A Letter to the Women’s Institute – Mandatory Helmet Laws Will Not Encourage Cycling
Cyclists in the UK have some new supporters. The Women’s Institute are eager to get more people cycling, and make it safer. One problem: they’ve got the totally wrong idea about how to do it:
“The health and environmental benefits of cycling are very much in line with past and current Women’s Institute mandates and compulsory helmet wearing may encourage more people to take up cycling, whilst improving the overall safety of cyclists.”
Soon, the members of the Women’s Institute will be voting on whether or not to support a motion which encourages the Government of the United Kingdom to make wearing a helmet compulsory for cyclists, despite the fact that such laws have reduced levels of cycling in every country they have been introduced in.
Along with the Cycling Embassy of Great Britain, Danny of Cyclists in the City and Mark of ibikelondon blog, This Big City is calling on the Women’s Institute to rethink this motion, and we need your support. Read our letter to the members of the WI below, and lend your name to our call for making cycling safe and comfortable for all (and for those in the blogosphere supporting our message, please feel free to reblog this letter).
Dear members of the Women’s Institute,
We are writing to you today with regards to the 2012 proposed resolution (6) which the Women’s Institute is currently considering regarding bicycle helmet compulsion.
We at the Cycling Embassy of Great Britain welcome the fact that the Women’s Institute is taking an interest in the safety of cyclists. Far too many bicycle riders, young and old, are killed and injured on the UK’s roads every year.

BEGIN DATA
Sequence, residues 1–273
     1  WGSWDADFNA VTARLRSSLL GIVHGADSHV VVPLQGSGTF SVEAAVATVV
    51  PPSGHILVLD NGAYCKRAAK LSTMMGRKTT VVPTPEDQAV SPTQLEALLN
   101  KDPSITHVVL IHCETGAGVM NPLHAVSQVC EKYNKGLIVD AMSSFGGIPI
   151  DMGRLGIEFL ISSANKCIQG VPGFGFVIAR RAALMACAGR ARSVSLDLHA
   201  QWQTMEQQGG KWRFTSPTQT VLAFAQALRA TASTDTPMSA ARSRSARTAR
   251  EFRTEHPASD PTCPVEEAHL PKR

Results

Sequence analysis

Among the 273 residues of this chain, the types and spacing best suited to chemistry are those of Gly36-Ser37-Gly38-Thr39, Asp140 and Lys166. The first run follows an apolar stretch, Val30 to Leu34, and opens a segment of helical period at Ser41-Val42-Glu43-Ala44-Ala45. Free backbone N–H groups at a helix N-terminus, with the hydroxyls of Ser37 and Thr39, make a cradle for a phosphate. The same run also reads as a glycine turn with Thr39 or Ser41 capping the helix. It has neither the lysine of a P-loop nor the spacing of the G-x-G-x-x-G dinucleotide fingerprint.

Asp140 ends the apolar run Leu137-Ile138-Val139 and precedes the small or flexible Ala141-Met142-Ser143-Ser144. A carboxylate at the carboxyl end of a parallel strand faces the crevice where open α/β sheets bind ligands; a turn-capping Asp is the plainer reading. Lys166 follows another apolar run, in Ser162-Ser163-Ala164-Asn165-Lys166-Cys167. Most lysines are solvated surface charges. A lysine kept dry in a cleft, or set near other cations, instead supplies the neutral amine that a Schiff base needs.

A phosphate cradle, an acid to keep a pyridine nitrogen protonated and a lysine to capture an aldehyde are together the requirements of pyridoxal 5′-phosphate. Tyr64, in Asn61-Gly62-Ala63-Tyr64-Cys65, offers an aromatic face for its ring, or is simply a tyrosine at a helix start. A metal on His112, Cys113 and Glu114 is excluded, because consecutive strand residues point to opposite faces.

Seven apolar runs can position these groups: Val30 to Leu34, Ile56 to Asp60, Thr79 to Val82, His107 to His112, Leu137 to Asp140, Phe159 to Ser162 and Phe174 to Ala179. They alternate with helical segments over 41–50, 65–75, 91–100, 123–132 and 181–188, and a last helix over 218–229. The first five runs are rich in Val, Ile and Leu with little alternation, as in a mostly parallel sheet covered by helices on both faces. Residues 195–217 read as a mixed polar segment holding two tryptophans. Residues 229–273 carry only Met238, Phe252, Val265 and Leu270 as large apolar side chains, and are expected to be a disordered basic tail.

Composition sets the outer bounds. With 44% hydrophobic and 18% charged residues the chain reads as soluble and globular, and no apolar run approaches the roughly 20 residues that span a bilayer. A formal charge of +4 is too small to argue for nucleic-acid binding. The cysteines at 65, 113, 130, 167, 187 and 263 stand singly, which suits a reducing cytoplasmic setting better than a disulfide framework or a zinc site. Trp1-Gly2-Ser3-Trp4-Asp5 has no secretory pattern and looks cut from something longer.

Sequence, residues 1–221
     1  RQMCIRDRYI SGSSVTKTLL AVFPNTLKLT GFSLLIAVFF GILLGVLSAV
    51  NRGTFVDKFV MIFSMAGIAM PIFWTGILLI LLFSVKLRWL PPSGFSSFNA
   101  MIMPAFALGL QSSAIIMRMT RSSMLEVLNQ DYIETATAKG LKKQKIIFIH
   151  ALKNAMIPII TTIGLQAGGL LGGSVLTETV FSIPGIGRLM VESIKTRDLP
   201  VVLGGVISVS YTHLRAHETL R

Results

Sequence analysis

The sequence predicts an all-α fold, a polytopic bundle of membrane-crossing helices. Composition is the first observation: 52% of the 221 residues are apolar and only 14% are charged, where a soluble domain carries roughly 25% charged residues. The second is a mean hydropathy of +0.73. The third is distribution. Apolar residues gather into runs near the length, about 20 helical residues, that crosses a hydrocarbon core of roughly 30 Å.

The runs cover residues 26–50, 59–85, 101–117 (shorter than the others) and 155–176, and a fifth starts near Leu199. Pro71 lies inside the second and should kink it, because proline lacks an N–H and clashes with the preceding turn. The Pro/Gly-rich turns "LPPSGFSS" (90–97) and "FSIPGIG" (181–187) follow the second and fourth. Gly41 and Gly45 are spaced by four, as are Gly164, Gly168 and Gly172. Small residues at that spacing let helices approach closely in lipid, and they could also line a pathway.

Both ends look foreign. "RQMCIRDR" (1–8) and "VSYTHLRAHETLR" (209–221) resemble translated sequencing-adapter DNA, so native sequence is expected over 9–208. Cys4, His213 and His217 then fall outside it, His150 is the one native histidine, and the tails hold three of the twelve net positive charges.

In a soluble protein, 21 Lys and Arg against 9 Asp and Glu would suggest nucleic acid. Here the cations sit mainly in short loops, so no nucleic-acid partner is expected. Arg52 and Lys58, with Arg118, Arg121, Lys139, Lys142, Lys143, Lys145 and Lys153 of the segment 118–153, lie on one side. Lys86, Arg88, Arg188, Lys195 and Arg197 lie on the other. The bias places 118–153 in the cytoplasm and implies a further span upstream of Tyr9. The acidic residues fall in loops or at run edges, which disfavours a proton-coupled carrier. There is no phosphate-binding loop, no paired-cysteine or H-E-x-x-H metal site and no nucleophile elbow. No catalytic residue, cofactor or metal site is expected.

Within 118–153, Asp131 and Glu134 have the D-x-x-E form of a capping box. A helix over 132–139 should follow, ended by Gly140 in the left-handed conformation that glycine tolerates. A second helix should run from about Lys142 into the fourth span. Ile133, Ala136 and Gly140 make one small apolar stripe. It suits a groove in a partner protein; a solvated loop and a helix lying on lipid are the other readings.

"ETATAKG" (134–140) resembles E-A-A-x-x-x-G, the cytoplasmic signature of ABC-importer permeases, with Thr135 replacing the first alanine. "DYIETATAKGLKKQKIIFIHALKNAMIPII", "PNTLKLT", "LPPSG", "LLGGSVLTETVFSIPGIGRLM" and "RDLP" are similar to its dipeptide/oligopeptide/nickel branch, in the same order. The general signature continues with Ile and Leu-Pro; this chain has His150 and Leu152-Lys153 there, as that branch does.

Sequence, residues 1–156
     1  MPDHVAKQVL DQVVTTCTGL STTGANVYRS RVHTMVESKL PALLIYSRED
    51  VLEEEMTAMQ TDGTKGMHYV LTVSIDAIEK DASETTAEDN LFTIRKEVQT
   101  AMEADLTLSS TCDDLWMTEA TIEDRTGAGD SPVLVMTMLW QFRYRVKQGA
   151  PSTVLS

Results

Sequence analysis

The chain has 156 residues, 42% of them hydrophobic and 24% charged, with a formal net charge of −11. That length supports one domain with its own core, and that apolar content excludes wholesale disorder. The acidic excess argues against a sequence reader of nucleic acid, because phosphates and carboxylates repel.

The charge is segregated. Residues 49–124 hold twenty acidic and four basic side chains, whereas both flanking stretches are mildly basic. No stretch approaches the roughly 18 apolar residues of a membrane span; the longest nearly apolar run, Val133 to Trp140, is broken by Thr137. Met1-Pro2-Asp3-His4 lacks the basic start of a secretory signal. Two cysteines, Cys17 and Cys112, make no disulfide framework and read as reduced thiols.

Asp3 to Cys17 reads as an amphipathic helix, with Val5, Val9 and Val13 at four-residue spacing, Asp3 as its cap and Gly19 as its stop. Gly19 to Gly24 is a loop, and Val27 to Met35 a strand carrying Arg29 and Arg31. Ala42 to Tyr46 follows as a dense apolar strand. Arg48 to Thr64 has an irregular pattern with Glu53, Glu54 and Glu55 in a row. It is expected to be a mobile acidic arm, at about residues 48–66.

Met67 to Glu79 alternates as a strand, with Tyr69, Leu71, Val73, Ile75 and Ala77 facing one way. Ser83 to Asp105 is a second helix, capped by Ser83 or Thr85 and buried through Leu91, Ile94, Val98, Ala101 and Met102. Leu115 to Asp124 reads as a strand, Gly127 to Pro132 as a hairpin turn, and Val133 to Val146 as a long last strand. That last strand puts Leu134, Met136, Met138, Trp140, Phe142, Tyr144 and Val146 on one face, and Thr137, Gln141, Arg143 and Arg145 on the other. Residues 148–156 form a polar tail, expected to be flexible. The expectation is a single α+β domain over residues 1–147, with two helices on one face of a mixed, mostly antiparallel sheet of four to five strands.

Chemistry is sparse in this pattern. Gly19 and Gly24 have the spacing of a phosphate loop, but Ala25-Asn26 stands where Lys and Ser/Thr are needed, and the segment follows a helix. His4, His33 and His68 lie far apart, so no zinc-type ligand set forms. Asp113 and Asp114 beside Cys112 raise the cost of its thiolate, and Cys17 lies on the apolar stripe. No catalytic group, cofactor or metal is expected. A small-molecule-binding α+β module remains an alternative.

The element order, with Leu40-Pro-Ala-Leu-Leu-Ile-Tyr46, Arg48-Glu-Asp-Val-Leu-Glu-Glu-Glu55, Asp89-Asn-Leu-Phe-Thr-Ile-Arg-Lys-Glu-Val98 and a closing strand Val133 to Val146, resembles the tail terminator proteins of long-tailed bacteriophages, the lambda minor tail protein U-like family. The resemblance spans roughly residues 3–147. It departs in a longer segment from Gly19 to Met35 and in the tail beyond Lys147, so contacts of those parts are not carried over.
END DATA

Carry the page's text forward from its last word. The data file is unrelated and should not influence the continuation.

Many more will never even contemplate something so simple as riding a bicycle – or have tried and given up – through being too scared to mix with heavy and fast traffic on Britain’s main roads. We do not believe that the way to remedy this situation, and to increase cyclist’s safety, is through compulsory helmet laws.
As is stated in the summary of your resolution in the pros and cons, the focus of the resolution as it stands is currently very narrow and is likely to put people off cycling; something we have already seen happen in Australia and New Zealand. Both countries adopted compulsory bicycle helmet laws in the 1990s and both now see almost a third fewer cyclists on their roads. Recent research published by the Health Promotion Journal of Australia found that 1 in 5 adults would start cycling, or cycle more, if such laws weren’t in place. In 2008, the New Zealand Transport Safety Minister Harry Duynhoven publicly acknowledged that such laws are putting people off cycling. Urban cycle hire schemes in Melbourne and Brisbane have struggled to find an audience, with Aukland’s equivalent folding after failing to cover its costs. This whilst equivalent schemes in Paris, Barcelona, Montreal, Toronto, Washington DC, Mexico City and London (to name but a few) have seen huge success with hardly any accidents. London’s accident rate is a minute 0.002%. It can be argued that the consequence of a compulsory helmet law is a greater risk to public health than making cycling safer in other ways.